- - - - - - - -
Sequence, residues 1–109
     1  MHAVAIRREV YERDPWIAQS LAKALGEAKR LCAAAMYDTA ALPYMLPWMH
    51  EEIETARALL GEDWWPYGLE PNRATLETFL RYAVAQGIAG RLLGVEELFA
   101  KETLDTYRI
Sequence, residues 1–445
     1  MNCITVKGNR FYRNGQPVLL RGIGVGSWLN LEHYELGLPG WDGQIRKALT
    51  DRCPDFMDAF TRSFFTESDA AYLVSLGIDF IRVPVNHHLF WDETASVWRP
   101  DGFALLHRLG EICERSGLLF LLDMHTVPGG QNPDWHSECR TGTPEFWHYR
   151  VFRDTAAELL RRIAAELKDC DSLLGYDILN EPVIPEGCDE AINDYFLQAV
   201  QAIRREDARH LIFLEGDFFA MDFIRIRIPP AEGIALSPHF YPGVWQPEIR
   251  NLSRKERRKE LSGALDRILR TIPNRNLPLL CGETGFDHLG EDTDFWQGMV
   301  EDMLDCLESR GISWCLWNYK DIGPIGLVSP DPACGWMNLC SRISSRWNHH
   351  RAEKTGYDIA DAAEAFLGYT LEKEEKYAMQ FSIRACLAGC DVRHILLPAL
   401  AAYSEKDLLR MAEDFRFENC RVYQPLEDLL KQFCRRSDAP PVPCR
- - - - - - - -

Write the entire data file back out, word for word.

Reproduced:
Sequence, residues 1–109
     1  MHAVAIRREV YERDPWIAQS LAKALGEAKR LCAAAMYDTA ALPYMLPWMH
    51  EEIETARALL GEDWWPYGLE PNRATLETFL RYAVAQGIAG RLLGVEELFA
   101  KETLDTYRI
Sequence, residues 1–445
     1  MNCITVKGNR FYRNGQPVLL RGIGVGSWLN LEHYELGLPG WDGQIRKALT
    51  DRCPDFMDAF TRSFFTESDA AYLVSLGIDF IRVPVNHHLF WDETASVWRP
   101  DGFALLHRLG EICERSGLLF LLDMHTVPGG QNPDWHSECR TGTPEFWHYR
   151  VFRDTAAELL RRIAAELKDC DSLLGYDILN EPVIPEGCDE AINDYFLQAV
   201  QAIRREDARH LIFLEGDFFA MDFIRIRIPP AEGIALSPHF YPGVWQPEIR
   251  NLSRKERRKE LSGALDRILR TIPNRNLPLL CGETGFDHLG EDTDFWQGMV
   301  EDMLDCLESR GISWCLWNYK DIGPIGLVSP DPACGWMNLC SRISSRWNHH
   351  RAEKTGYDIA DAAEAFLGYT LEKEEKYAMQ FSIRACLAGC DVRHILLPAL
   401  AAYSEKDLLR MAEDFRFENC RVYQPLEDLL KQFCRRSDAP PVPCR